Hanging Out to Dry

It's mid-afternoon on an unseasonably warm October day, and Taz is rubbing Rebecca's back. They're hanging out on the steps at downtown's Skyline Park. Teens and young adults periodically stop by to bum a cigarette, chat or share some fries. Swells of laughter mix with the soft thwacking sound of Hacky Sacks hitting canvas sneakers, and everyone seems to be in a good mood.

That is, until the peaceful setting is ripped apart by the roar of two motorcycles driving through the park, synchronized and carrying members of the Mall Motorcycle Unit, Denver police officers whose duty it is to protect the public using the park and the 16th Street Mall perpendicular to it.

But a planned strip of private outdoor seating in Skyline Park's public space for Palomino Euro Bistro--an upscale chain restaurant under construction in the Park Central building adjoining the park at 16th and Arapahoe streets--has the kids and one of their self-appointed advocates, Dave DeForest-Stalls, wondering whether the "public" includes, as DeForest-Stalls puts it, "filthy street kids, homeless youth and so-called gutter punks."

Just whose interests will be served by the restaurant's expansion into public park space?

"The cops are already trying to hassle us out of here," Taz says, and most of the thirty or so youths hanging out around him nod in agreement. "They put in some kind of outdoor seating, and you don't think they're going to let these people eat their fine meals with us dirty animals hanging around, do you?"

DeForest-Stalls doesn't think so, either, which is why the 42-year-old director of The Spot, an urban youth center eight blocks from Skyline Park, has appealed to Mayor Wellington Webb and Denver Parks and Recreation to ensure that no one forces the kids to leave when the proposed outdoor cafe seating goes in. "I know these aren't your Izod-clad prep-school kids we're talking about," says DeForest-Stalls, a former Denver parks manager. "But public is public, and I find it hard to believe that anyone's going to let these kids hang around people sitting around drinking their $10 glasses of chardonnay. At some point, there's going to be some effort to push the kids out of the park."

Palomino general manager Jeff Martin swears it's not going to be him or anyone from the eatery's Seattle-based parent company, Restaurants Unlimited. "We're talking about a fairly large space there at the park," Martin says. "Our patio is only going to take up a small portion of it, and as long as the kids aren't pestering patrons or causing trouble for patrons, then I won't have any problem with them. We knew there was a city park there when we negotiated the site, and our understanding of a city park is that it's everyone's civic right to use it.

"In the evening, when there are obviously transient adults in the park, I've actually witnessed drug transactions. But the kids have been pretty cool, and I think as long as everyone uses common sense and treats each other decently, then we won't have any problems."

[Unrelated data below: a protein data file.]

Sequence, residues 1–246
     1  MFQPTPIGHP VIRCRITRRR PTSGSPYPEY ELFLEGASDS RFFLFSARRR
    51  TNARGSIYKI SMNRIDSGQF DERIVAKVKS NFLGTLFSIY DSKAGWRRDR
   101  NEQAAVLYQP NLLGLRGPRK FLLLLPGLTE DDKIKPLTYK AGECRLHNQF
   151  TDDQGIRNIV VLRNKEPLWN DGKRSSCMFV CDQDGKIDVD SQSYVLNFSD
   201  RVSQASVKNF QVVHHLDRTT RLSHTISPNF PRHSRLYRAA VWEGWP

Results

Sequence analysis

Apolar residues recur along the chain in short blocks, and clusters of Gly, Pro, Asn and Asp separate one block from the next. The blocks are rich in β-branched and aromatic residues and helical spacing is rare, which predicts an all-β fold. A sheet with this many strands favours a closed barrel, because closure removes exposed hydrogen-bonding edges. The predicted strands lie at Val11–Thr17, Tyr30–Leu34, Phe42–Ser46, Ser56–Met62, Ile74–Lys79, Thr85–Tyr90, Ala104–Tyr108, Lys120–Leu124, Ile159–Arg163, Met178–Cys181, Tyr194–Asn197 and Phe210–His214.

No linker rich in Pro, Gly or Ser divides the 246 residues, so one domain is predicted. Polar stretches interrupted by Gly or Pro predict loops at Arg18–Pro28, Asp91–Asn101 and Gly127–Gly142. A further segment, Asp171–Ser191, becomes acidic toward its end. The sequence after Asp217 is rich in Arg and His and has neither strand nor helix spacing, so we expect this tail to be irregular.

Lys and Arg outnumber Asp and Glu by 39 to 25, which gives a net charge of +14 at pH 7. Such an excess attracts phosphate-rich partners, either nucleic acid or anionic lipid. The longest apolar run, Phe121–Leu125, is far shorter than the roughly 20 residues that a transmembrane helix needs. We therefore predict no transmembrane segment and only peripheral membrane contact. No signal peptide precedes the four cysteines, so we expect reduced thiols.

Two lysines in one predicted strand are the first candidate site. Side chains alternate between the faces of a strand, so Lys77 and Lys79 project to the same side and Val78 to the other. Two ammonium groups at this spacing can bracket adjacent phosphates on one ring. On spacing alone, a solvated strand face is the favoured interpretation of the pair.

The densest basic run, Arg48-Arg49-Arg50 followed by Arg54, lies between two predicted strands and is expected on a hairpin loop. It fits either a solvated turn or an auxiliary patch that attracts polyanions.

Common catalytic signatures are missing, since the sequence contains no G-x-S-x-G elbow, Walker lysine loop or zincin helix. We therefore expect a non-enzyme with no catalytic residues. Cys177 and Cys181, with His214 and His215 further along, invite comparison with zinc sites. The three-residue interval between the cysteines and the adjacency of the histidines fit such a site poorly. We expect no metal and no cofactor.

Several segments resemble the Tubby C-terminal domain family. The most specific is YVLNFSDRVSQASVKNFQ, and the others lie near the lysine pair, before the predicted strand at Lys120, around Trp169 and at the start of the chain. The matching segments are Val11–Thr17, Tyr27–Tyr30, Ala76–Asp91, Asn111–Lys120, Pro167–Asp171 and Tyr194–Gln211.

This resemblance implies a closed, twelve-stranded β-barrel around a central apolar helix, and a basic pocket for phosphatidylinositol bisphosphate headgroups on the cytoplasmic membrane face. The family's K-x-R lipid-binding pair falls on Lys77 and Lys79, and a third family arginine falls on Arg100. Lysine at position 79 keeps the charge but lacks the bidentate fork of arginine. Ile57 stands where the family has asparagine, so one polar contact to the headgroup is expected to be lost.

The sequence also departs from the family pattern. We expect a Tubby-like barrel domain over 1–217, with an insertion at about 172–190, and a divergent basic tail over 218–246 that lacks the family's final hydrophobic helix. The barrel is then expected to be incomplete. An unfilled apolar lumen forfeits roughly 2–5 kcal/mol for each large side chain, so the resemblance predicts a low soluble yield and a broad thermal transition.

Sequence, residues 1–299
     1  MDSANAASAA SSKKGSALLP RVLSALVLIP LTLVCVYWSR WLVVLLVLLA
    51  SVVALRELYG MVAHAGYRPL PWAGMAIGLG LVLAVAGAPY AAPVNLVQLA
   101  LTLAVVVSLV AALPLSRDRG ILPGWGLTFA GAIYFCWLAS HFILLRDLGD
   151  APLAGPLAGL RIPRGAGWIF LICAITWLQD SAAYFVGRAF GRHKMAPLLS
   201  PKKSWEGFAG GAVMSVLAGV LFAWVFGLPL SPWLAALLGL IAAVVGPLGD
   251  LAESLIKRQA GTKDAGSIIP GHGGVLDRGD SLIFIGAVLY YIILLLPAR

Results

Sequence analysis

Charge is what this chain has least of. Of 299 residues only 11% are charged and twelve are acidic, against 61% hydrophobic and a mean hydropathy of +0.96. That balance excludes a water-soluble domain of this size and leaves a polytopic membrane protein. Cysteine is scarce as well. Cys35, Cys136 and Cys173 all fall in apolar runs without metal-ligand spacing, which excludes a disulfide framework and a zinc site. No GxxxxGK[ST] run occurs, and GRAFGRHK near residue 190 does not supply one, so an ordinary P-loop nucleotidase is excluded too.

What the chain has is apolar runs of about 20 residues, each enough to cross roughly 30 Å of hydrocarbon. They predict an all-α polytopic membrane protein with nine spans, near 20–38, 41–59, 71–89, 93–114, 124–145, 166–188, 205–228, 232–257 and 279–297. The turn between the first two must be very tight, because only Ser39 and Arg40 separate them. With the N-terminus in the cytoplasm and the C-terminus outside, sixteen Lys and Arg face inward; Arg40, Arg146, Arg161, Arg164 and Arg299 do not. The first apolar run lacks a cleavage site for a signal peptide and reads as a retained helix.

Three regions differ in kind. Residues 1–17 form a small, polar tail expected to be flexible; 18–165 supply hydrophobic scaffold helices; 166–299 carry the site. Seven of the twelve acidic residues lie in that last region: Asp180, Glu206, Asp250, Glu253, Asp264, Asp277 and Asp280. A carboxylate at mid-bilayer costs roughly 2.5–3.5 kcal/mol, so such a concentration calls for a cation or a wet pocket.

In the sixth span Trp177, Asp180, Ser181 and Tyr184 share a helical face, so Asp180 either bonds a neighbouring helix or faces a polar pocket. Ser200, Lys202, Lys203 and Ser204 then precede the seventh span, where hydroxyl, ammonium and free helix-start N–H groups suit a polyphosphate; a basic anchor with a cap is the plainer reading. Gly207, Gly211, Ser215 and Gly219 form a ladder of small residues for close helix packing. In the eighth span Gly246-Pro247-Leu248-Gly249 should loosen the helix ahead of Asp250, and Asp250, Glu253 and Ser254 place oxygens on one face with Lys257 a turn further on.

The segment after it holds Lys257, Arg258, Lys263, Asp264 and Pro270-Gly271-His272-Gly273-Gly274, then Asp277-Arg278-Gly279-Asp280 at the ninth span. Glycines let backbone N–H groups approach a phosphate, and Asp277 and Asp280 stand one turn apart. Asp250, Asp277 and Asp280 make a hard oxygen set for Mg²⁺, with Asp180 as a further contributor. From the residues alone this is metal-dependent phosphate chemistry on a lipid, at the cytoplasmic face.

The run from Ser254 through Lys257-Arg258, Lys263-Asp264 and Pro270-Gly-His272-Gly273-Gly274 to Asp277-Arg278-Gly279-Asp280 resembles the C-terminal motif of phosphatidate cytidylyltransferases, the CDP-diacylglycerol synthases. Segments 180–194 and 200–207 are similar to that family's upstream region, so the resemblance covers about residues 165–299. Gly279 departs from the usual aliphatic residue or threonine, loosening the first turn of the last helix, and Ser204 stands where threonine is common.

But not everyone thinks that the young people who have made Skyline Park their home-away-from-home--sometimes it's the only home they know--are capable of reasonable behavior. One downtown worker, who asks that her name not be used because "those kids won't hesitate to try to find out who I am and harass me," says she dreads her daily walks from her office to her home near Embassy Suites Hotel. "They're just garbage, those kids who hang around there," she says. "Sometimes they ask for money, and they'll tell you to F-off if you don't give it to them. 'Hey, lady, do you have a quarter or a cigarette?' all the time. In the summer they sleep on the grates, and their leftover food garbage, and sometimes blood and beer bottles, are all over the place. You can't even find a bare space to walk through."

Scott Hoyt, who works in a nearby office building, says the kids have taken over the park between 16th and Arapahoe to the point that others are afraid to use it. "Who wants to walk past these obnoxious kids who spit on the ground and leave their garbage all over the place?" says Hoyt, a 27-year-old computer programmer. "They're always trying to get me to give them money, and one girl started screaming at me that I was a 'fucking bastard,' right out in front of other people, when I wouldn't give her a buck. My girlfriend works in the same building I do, and we don't even feel comfortable eating lunch there, so we have to walk over to the next block."

Skyline Park stretches along Arapahoe Street between 15th and 18th streets. Parks and Rec refers to the portion bordering Park Central as Block 1, the area where most of the kids hang out; Block 2 sits alongside the Tabor Center and sports an outdoor dining section outside the Palm restaurant similar to, but smaller than, the one intended for Palomino.